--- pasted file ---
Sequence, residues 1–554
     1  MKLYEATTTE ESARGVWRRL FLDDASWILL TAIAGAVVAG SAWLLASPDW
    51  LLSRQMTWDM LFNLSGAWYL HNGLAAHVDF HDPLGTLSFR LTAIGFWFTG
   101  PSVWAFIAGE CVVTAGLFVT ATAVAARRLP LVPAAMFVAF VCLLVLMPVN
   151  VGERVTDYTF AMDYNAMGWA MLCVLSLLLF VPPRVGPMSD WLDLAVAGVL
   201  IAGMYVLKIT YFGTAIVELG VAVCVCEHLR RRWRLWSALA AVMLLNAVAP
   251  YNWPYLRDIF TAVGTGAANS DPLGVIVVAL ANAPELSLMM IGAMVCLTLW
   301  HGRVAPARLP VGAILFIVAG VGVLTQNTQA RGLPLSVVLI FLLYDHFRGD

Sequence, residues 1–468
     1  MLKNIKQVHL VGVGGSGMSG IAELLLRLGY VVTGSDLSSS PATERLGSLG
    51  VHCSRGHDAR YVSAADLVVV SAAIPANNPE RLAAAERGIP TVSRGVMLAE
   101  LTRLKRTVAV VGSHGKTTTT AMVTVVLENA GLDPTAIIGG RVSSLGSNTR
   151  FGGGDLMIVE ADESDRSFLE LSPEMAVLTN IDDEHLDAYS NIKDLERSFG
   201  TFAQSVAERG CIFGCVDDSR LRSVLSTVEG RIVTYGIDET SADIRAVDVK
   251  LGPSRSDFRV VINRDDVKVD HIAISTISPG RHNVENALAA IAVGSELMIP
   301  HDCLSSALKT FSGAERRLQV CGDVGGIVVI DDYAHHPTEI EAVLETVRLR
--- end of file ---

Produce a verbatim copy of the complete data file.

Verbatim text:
Sequence, residues 1–554
     1  MKLYEATTTE ESARGVWRRL FLDDASWILL TAIAGAVVAG SAWLLASPDW
    51  LLSRQMTWDM LFNLSGAWYL HNGLAAHVDF HDPLGTLSFR LTAIGFWFTG
   101  PSVWAFIAGE CVVTAGLFVT ATAVAARRLP LVPAAMFVAF VCLLVLMPVN
   151  VGERVTDYTF AMDYNAMGWA MLCVLSLLLF VPPRVGPMSD WLDLAVAGVL
   201  IAGMYVLKIT YFGTAIVELG VAVCVCEHLR RRWRLWSALA AVMLLNAVAP
   251  YNWPYLRDIF TAVGTGAANS DPLGVIVVAL ANAPELSLMM IGAMVCLTLW
   301  HGRVAPARLP VGAILFIVAG VGVLTQNTQA RGLPLSVVLI FLLYDHFRGD

Sequence, residues 1–468
     1  MLKNIKQVHL VGVGGSGMSG IAELLLRLGY VVTGSDLSSS PATERLGSLG
    51  VHCSRGHDAR YVSAADLVVV SAAIPANNPE RLAAAERGIP TVSRGVMLAE
   101  LTRLKRTVAV VGSHGKTTTT AMVTVVLENA GLDPTAIIGG RVSSLGSNTR
   151  FGGGDLMIVE ADESDRSFLE LSPEMAVLTN IDDEHLDAYS NIKDLERSFG
   201  TFAQSVAERG CIFGCVDDSR LRSVLSTVEG RIVTYGIDET SADIRAVDVK
   251  LGPSRSDFRV VINRDDVKVD HIAISTISPG RHNVENALAA IAVGSELMIP
   301  HDCLSSALKT FSGAERRLQV CGDVGGIVVI DDYAHHPTEI EAVLETVRLR